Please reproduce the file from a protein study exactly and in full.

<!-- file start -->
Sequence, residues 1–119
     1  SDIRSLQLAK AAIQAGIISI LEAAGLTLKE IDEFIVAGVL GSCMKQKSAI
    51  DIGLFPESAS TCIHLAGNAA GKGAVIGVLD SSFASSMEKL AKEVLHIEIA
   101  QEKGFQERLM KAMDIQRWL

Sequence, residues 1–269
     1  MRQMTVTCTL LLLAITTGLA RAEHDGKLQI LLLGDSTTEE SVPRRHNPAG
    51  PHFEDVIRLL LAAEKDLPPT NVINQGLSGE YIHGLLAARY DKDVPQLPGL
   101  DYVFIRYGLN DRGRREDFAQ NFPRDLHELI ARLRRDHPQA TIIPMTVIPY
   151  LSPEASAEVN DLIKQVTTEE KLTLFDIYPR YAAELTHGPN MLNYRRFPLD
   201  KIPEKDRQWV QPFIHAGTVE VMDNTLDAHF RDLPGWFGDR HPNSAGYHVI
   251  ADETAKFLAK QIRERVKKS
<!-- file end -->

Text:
Sequence, residues 1–119
     1  SDIRSLQLAK AAIQAGIISI LEAAGLTLKE IDEFIVAGVL GSCMKQKSAI
    51  DIGLFPESAS TCIHLAGNAA GKGAVIGVLD SSFASSMEKL AKEVLHIEIA
   101  QEKGFQERLM KAMDIQRWL

Sequence, residues 1–269
     1  MRQMTVTCTL LLLAITTGLA RAEHDGKLQI LLLGDSTTEE SVPRRHNPAG
    51  PHFEDVIRLL LAAEKDLPPT NVINQGLSGE YIHGLLAARY DKDVPQLPGL
   101  DYVFIRYGLN DRGRREDFAQ NFPRDLHELI ARLRRDHPQA TIIPMTVIPY
   151  LSPEASAEVN DLIKQVTTEE KLTLFDIYPR YAAELTHGPN MLNYRRFPLD
   201  KIPEKDRQWV QPFIHAGTVE VMDNTLDAHF RDLPGWFGDR HPNSAGYHVI
   251  ADETAKFLAK QIRERVKKS